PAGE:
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July 19, 2018Indianapolis, IN, United StatesFirearms, Ammunition and Explosives

Syrian national in Indiana faces federal firearms charges

INDIANAPOLIS — A Syrian national residing in an Indianapolis suburb was charged Thursday with unlawfully possessing a firearm and lying about being a U.S. citizen so he could buy a shotgun from a local sporting goods store.

These charges were announced by U.S. Attorney Josh Minkler, Southern District of Indiana. This case is being investigated by U.S. Immigration and Customs Enforcement’s (ICE) Homeland Security Investigations (HSI), with assistance from the FBI.

Majd Al Helwani, 24, of Fishers, Indiana, faces four felony counts for unlawfully purchasing and possessing firearms, as well as lying on federal forms while attempting to purchase another firearm.

In December 2017, law enforcement officers received information from a concerned citizen that Al Helwani possessed at least one firearm, an AR-15 style .223-caliber rifle.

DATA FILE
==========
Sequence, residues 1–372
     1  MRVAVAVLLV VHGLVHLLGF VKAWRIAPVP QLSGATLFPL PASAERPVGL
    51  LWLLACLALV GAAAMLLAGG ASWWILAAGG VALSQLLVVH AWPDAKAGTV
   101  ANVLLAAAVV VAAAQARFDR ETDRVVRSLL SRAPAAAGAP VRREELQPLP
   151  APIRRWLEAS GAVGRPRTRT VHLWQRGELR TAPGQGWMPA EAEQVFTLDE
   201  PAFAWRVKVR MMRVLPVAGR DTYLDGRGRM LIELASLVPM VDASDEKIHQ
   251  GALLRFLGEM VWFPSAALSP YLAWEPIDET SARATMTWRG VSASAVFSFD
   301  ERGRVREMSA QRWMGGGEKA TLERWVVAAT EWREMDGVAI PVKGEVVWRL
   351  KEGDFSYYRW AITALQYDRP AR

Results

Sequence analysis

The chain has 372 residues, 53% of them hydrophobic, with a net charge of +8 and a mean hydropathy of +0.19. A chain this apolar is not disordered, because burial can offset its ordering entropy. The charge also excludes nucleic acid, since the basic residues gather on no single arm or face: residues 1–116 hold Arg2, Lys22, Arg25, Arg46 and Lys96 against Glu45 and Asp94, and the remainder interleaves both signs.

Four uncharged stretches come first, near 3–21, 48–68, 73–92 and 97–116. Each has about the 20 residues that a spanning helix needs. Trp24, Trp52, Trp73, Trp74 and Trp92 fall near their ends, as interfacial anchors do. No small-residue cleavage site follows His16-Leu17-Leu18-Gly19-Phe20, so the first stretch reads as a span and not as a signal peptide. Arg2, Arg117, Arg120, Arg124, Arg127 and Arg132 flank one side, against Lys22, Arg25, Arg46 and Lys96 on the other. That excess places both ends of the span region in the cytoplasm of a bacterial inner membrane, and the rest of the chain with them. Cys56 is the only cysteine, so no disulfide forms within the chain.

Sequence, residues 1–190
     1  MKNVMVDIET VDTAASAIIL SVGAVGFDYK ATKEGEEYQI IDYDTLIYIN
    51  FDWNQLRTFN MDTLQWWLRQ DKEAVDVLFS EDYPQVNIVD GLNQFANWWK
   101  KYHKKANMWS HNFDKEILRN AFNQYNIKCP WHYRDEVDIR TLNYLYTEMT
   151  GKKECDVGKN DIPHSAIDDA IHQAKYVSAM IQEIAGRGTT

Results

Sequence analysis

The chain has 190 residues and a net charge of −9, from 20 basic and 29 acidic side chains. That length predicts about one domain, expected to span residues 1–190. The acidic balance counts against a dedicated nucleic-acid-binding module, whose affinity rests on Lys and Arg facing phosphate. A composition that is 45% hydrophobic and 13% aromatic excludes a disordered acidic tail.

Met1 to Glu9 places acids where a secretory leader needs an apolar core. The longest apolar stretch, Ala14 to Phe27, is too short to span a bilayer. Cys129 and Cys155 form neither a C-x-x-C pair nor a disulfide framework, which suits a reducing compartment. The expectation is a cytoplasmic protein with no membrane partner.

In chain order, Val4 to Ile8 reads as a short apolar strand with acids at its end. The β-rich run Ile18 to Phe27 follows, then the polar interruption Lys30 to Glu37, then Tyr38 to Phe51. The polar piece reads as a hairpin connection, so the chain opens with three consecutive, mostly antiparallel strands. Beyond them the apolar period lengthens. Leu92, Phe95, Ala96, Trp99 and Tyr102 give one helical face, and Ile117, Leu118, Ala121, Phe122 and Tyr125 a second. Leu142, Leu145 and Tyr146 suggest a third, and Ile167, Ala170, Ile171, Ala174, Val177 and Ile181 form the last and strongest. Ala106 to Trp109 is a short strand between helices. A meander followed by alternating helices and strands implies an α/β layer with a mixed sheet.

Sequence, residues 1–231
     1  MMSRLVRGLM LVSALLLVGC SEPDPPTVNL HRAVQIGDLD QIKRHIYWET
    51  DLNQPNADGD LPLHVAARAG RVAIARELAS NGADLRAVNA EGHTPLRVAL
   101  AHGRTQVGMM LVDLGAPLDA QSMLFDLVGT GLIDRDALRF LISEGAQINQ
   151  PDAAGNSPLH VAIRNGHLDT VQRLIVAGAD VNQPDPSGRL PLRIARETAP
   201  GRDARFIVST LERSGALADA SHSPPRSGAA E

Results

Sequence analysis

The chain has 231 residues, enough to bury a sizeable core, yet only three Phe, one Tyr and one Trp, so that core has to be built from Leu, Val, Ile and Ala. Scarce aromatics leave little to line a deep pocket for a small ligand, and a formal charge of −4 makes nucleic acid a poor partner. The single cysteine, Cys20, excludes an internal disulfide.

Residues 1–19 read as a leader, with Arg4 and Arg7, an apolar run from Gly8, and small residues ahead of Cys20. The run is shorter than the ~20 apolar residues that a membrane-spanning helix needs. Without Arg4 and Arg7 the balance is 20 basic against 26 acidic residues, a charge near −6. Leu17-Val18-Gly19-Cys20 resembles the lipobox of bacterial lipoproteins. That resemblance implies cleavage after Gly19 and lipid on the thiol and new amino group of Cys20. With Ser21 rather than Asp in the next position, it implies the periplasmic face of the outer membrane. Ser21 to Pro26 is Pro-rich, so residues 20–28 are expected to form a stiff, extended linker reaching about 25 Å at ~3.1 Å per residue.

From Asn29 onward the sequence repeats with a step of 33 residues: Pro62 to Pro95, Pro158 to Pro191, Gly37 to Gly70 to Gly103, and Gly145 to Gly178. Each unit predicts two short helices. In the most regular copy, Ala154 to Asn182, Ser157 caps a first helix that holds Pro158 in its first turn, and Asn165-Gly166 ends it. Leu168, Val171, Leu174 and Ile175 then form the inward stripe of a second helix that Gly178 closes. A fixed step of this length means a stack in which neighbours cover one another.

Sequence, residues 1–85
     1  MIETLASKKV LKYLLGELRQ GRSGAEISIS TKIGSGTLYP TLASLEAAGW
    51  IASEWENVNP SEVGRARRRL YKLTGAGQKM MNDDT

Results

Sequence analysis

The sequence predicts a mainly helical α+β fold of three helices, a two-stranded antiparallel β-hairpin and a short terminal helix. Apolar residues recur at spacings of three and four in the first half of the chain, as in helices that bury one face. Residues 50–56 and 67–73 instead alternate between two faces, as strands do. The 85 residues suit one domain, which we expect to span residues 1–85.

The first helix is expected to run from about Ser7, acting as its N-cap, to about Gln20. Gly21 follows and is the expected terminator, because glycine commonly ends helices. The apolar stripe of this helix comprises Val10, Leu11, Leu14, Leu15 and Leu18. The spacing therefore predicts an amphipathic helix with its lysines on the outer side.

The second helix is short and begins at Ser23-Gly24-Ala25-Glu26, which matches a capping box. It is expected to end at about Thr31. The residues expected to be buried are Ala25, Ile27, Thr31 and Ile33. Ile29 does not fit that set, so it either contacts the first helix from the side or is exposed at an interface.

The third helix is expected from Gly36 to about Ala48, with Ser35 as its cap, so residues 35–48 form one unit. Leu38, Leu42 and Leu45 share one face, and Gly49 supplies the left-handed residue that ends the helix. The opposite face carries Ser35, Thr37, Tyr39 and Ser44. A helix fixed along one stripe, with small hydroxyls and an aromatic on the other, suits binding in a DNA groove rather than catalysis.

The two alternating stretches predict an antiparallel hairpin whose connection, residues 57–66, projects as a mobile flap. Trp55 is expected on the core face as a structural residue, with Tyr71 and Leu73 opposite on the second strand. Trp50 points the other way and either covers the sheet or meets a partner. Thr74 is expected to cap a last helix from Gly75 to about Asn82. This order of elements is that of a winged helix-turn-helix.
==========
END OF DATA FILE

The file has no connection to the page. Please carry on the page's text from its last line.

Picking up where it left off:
After HSI special agents determined that Al Helwani had been admitted into the U.S. as a non-immigrant tourist, and is prohibited from possessing firearms, authorities obtained a search warrant for his residence.  When agents arrived at his home to execute the warrant, Al Helwani came to the door armed with a loaded 9mm handgun. A Sabal Arms .223-caliber rifle was also recovered from the home.

During the subsequent federal investigation, HSI special agents learned that Al Helwani had attempted to purchase a shotgun from an Indianapolis-area sporting goods store in October 2016.

As alleged in Thursday’s indictment, Al Helwani misrepresented his immigration status during that transaction by indicating he had not been admitted into the U.S. as a non-immigrant tourist.

“Aggressively prosecuting individuals who are not lawfully permitted to purchase or possess firearms is a cornerstone of a safe society,” said Minkler. “We are grateful to the collaborative partners who brought this to our attention and encourage all citizens to adhere to the campaign: If you see something, say something.”

According to Assistant U.S. Attorney Matthew J. Rinka, Southern District of Indiana, who is prosecuting this case, Al Helwani faces a maximum of 10 years in federal prison, if convicted.

An indictment is only a charge and not evidence of guilt.

All defendants are presumed innocent until proved otherwise in federal court.